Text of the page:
Relationship between CCT and lung cancer

A large number of studies have shown that the subunits of CCT interact with numerous proteins to affect the development of lung cancer cells (59-62). For example, Shi et al (59) found that CCT3 silencing inhibited Yes-associated protein 1 (YAP1) and reduced the expression of YAP1 target genes in NSCLC cells. Activation of YAP1 by overexpression of constitutively active YAP1 mutants can reverse the antitumor effect of CCT3 inhibition on NSCLC cells (59). In addition, I-Trp can trigger apoptosis in the highly metastatic CL1-5 NSCLC cell line by interfering with the β-tubulin/CCT2 complex, then activating endoplasmic reticulum stress and finally activating caspases (60). In addition, at the EC20 of I-Trp, the migration and invasion of cancer cells were significantly inhibited (60). This strategy can be used to combat highly metastatic LUAD with upregulated CCT2. Ying et al (61) identified CCT6A as an inhibitor and direct binding protein of SMAD2 and found that CCT6A promoted metastasis in NSCLC cells. In addition, selective inhibition of SMAD3 or CCT6A can effectively inhibit TGF-β-mediated metastasis (61). This finding may help to develop therapeutic strategies for targeting TGF-β in the treatment of NSCLC. A study (62) confirmed that CCT6A may promote cell proliferation by promoting the transformation of NSCLC cells from G1 phase to S phase, thereby accelerating tumor growth and determining TNM staging in patients with advanced NSCLC (62). In addition, a study found that CCT6A and CHCHD2 are co-amplified with EGFR in the chromosome 7p11 region and that both are potential driver genes for LUAD (63). The upregulation of CCT6A or CHCHD2 is related to the progression of LUAD (63). In addition, by inhibiting the expression of CCT6A or CHCHD2, the acquired resistance to EGFR tyrosine kinase inhibitors mediated by additional EGFR amplification can be reduced (63).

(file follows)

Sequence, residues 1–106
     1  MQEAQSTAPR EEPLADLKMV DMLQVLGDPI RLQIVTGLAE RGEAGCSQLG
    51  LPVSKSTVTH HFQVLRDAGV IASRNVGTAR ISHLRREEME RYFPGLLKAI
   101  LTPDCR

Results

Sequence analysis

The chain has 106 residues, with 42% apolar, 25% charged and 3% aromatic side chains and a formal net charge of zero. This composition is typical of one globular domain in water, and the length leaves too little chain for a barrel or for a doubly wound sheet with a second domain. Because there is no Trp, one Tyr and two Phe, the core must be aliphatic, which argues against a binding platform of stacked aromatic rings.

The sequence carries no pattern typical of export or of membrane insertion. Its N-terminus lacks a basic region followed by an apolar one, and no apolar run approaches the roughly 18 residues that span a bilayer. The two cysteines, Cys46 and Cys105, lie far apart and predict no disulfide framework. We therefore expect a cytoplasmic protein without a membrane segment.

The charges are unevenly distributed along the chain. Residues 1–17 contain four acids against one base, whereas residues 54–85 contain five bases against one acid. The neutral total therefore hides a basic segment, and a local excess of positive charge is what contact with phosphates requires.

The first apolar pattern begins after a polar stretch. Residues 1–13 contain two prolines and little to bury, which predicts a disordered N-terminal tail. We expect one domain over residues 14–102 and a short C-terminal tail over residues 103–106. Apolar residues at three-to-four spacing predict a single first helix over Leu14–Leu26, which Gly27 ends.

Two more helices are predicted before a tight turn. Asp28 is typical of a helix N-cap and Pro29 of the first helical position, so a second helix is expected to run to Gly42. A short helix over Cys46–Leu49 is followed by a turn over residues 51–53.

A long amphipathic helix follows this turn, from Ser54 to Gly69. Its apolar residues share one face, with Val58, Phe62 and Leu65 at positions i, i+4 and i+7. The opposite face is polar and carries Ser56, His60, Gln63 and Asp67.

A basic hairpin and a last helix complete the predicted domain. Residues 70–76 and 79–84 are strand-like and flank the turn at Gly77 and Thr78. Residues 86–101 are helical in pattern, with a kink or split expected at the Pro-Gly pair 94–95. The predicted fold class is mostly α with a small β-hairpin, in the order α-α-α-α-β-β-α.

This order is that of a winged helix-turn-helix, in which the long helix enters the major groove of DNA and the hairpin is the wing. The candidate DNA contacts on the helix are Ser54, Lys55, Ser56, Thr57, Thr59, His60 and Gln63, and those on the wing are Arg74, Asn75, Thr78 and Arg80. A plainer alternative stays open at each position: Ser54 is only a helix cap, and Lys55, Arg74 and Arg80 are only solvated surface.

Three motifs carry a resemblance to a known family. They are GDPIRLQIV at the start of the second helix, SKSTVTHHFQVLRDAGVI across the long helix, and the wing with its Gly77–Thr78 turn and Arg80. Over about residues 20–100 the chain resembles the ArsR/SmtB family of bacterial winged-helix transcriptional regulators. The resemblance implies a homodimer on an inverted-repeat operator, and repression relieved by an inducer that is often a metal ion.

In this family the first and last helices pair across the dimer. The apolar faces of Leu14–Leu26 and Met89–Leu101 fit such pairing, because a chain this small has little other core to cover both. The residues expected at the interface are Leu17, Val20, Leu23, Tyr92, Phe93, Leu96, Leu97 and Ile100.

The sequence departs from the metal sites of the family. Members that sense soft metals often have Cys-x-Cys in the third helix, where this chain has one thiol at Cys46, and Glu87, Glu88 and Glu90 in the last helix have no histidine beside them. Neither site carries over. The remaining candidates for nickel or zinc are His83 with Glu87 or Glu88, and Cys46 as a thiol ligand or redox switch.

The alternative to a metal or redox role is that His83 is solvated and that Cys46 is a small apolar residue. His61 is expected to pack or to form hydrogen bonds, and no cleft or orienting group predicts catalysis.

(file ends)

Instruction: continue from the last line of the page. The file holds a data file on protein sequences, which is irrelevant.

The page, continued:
5. Relationship between CCT and breast cancer